COVID-19 HR Update: New Federal Benefits Legislation

Posted by Christy Putnam on March 19, 2020 at 4:04 PM

COVID-19 Legislation HR Update New Federal Benefits LegislationWith all the constant, fast-breaking news pertaining to COVID-19, you may not have heard that yesterday, President Trump signed the “phase two” stimulus legislation. The Families First Coronavirus Response Act (FFCRA) provides paid leave for certain workers, enhances unemployment insurance, and ensures free testing for infection by the Coronavirus. Unemployment eligibility requirements have been eased by waiving the work search requirements as well as the waiting week before benefits can be claimed. This measure also helps take care of small businesses (those with fewer than 500 employees) by providing reimbursement through tax credits for offering the qualified paid leaves.

Following his a very high overview of the paid leave benefits. For additional, detailed information, we encourage you to refer to the H.R. 6201 Act passed by Congress.

Paid Sick Leave
Employers must offer two weeks (i.e. 10 days) of paid sick leave for COVID-19-related reasons. The employer cannot require an employee to use accrued leave under an employer policy first. If the sick leave is for an employee who is sick or seeking a diagnosis, the benefit must replace all of the employee’s wages up to a maximum benefit of $511 per day. If an employee is caring for another individual who is sick, the benefit must replace at least two-thirds of the employee’s wages up to a maximum benefit of $200 per day. The tax credit to the employer is 100% of the costs for providing the mandated leave and it taken against the employer’s portion of Social Security taxes.

Emergency Family and Medical Leave Act (FMLA)
Eligible employees (i.e. employees who have been on the employer payroll for a minimum of 30 calendar days) are entitled to take up to 12 weeks of FMLA leave for “a qualifying need related to a public health emergency.” This “qualifying need” is defined as situations in which an employee is unable to work (or telework) to care for a minor child if the child’s school or place of childcare has been closed or is unavailable due to a public health emergency. The first 10 days are unpaid, but the paid sick leave benefit can be applied. After the first 10 days, the benefit must replace at least two-thirds of the employee’s wages to a maximum of $200 per day. Like the Paid Sick Leave benefits, the tax credit to the employer is 100% of the costs for providing the mandated leave and is taken against the employer portion of Social Security taxes.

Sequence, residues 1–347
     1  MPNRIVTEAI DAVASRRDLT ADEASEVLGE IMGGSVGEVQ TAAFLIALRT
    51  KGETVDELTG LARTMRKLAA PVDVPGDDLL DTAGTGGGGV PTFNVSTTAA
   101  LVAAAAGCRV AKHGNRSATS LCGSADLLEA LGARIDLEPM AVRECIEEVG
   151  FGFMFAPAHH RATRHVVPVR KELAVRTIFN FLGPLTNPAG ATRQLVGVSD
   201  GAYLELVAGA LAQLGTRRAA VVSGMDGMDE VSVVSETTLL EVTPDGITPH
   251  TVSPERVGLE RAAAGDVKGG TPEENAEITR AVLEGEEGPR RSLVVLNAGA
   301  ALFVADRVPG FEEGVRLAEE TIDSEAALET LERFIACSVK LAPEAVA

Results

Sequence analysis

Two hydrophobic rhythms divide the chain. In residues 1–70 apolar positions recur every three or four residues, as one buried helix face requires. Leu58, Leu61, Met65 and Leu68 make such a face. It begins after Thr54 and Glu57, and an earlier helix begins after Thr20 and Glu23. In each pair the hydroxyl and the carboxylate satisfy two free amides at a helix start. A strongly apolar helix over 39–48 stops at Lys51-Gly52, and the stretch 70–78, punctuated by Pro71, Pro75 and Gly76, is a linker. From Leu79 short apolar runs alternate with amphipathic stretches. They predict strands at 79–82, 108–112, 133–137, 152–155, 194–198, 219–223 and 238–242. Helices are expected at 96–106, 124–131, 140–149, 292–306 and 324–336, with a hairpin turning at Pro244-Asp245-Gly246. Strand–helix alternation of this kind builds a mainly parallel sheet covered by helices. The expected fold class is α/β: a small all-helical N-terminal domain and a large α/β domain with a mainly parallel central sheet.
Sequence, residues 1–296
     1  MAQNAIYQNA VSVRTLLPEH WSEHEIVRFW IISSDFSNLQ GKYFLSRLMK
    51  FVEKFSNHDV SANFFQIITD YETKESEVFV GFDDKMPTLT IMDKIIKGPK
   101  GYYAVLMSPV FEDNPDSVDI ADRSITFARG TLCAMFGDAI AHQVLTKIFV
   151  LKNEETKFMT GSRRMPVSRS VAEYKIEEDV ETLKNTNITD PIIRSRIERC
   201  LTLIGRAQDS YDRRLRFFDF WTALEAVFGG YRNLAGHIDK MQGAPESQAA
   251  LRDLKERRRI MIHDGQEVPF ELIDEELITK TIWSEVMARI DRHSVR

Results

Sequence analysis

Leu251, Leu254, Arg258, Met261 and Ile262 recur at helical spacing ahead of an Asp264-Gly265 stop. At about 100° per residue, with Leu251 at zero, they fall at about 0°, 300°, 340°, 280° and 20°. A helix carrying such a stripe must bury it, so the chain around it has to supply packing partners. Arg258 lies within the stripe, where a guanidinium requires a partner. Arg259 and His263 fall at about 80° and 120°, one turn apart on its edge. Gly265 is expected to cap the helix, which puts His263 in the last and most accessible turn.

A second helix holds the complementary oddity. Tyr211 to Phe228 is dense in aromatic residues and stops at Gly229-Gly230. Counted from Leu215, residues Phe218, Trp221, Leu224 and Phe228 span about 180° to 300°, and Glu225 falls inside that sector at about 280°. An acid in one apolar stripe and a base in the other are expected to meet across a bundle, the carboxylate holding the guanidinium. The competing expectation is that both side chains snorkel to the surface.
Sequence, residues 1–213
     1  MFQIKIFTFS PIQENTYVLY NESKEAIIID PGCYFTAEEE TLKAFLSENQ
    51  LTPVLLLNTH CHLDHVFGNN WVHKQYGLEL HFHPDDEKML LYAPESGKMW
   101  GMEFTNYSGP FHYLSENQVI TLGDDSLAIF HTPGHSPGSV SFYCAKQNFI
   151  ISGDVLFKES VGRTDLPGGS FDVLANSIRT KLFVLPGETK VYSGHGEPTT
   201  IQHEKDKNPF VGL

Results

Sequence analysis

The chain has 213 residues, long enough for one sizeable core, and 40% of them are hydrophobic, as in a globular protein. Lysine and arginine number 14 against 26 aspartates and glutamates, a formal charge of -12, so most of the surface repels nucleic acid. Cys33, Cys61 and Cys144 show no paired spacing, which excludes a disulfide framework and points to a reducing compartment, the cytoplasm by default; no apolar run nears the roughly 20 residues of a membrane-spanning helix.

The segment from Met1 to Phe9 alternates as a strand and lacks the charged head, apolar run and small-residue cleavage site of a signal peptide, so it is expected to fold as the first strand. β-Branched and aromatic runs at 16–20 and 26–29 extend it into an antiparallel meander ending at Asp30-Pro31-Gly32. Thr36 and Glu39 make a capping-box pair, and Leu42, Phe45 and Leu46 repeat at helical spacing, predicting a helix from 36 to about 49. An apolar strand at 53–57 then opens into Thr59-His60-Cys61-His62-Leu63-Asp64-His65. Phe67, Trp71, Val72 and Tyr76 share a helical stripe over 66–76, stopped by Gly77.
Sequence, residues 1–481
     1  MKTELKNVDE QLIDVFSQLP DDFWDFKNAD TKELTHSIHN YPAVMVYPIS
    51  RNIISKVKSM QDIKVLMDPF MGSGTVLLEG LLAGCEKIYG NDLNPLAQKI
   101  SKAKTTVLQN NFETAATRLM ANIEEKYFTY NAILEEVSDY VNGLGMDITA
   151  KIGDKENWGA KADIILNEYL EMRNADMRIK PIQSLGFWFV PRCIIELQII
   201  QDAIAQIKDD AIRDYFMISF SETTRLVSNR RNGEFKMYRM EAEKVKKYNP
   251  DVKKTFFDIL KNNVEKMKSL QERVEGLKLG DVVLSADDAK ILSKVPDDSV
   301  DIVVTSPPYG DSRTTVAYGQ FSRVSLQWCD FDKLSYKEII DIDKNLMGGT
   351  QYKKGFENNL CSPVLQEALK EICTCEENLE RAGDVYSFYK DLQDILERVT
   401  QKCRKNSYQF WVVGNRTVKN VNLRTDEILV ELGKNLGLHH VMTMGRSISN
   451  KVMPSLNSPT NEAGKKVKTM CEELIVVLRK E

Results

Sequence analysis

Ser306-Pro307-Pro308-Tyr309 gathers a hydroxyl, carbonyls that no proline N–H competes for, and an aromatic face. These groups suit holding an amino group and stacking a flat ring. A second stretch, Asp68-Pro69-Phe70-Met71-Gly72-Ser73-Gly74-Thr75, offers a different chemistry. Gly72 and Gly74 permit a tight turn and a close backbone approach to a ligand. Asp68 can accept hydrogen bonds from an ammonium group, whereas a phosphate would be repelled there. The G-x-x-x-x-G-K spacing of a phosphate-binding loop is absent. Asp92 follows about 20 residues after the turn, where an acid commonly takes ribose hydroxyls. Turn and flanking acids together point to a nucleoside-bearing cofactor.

We just want to remind you that People Savvy HCM has the capability and flexibility to administer emergency time-off policies like these in addition to your regular time-off types, FMLA tracking, and necessary tax adjustments. Please let us know how our HCM software knowledge and experience can support you and your organization. In the meantime, as Congress works on a third relief package, we will continue to keep you updated.

Our thoughts remain with you and your families during this unprecedented time. Stay well and take care.

Topics: Human Capital Management, News Alert, Human Resources, Healthcare, HR Compliance, Family Leave Acts, Benefits

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